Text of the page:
β = 10 4 Acc [ % ] wF 1 [ % ] Acc [ % ] wF 1 [ % ] Acc [ % ] wF 1 [ % ]
baseline CNN [5]83.4375.89----
CNN-283.4375.89----
CNN-IMU92.2492.0191.5291.3891.2590.81
CNN-IMU-292.1392.0091.6491.2991.3190.93
Table 6. Validation accuracies and Weighted F1 for the architectures with and without max-pooling operations on the Opportunity-Locomotion dataset.
Table 6. Validation accuracies and Weighted F1 for the architectures with and without max-pooling operations on the Opportunity-Locomotion dataset.
ArchitectureMax-PoolingAcc [ % ] wF 1 [ % ]
β = 10 3
baseline CNN [5]No88.0588.02
CNN-2Yes89.6689.57
CNN-IMUNo88.6188.61
CNN-IMU-2Yes88.1188.05
ArchitectureMax-PoolingAcc [ % ] wF 1 [ % ]
β = 10 4
baseline CNN [5]No89.7889.67
CNN-2Yes89.6889.56
CNN-IMUNo88.7688.59
CNN-IMU-2Yes88.6788.53
Table 7. Validation accuracies and Weighted F1 for the architectures on the Opportunity-Locomotion dataset using two learning rates during training.
Table 7. Validation accuracies and Weighted F1 for the architectures on the Opportunity-Locomotion dataset using two learning rates during training.
Architecture β = 10 3 β = 10 4
Acc [ % ] wF 1 [ % ] Acc [ % ] wF 1 [ % ]
baseline CNN [5]88.0588.0289.7889.67
CNN-289.6689.5789.6889.56
CNN-IMU88.6188.6188.7688.59
CNN-IMU-288.1188.0588.6788.53
Table 8. Validation accuracies and Weighted F1 for the architectures on the Opportunity-Locomotion dataset when reductions of the learning rate during training are used.
Table 8. Validation accuracies and Weighted F1 for the architectures on the Opportunity-Locomotion dataset when reductions of the learning rate during training are used.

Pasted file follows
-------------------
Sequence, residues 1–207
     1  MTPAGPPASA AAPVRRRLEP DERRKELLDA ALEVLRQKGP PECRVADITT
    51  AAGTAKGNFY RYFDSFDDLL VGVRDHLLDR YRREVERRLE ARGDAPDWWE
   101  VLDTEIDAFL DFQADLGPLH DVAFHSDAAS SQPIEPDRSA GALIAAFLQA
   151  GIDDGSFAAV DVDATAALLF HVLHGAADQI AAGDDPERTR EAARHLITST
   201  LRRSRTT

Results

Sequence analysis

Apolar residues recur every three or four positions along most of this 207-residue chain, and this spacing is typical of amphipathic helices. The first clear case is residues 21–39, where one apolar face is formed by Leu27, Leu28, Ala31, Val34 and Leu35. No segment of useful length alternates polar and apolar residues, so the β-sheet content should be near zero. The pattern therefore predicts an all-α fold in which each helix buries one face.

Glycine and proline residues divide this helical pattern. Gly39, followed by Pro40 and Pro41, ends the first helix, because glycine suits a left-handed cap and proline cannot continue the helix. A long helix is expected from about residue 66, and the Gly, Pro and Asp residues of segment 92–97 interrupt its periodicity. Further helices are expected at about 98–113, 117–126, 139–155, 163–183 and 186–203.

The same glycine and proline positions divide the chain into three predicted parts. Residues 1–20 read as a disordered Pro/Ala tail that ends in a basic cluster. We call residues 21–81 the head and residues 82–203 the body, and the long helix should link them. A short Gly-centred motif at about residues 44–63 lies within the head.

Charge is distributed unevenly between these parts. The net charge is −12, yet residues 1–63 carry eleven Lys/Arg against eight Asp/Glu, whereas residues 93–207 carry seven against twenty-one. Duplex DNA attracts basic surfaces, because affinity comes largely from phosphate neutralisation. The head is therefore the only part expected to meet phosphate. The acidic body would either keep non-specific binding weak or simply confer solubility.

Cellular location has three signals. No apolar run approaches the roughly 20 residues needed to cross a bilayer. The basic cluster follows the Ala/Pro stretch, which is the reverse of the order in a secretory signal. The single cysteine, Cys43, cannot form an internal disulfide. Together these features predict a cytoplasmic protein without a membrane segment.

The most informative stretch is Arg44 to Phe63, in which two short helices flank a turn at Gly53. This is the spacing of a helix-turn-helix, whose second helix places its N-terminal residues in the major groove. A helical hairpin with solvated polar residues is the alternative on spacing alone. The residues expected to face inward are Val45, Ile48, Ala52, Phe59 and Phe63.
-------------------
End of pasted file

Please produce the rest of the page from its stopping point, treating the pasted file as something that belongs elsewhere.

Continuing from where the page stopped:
Architecture γ = 0.1
No Decrease@ epochs 2 @ epochs 3
β = 10 3 Acc [ % ] wF 1 [ % ] Acc [ % ] wF 1 [ % ] Acc [ % ] wF 1 [ % ]
baseline CNN [5]88.0588.0288.0687.9286.5786.40
CNN-289.6689.5788.3988.2589.2988.17
CNN-IMU88.6188.6188.4888.3987.4587.31
CNN-IMU-288.1188.0588.6588.5587.6287.55
Architecture γ = 0.1
No Decrease@ epochs 2 @ epochs 3
β = 10 4 Acc [ % ] wF 1 [ % ] Acc [ % ] wF 1 [ % ] Acc [ % ] wF 1 [ % ]
baseline CNN [5]89.7889.6787.1489.0288.1988.07
CNN-289.6889.5689.4589.3587.7587.67
CNN-IMU88.7688.5988.1888.0587.5087.35
CNN-IMU-288.6788.5387.7687.5986.8586.69
Table 9. Validation accuracies and Weighted F1 for the architectures with and without max-pooling operations on the Pamap2 dataset.
Table 9. Validation accuracies and Weighted F1 for the architectures with and without max-pooling operations on the Pamap2 dataset.
ArchitectureMax-PoolingAcc [ % ] wF 1 [ % ]
β = 10 3
baseline CNN [5]No89.9089.60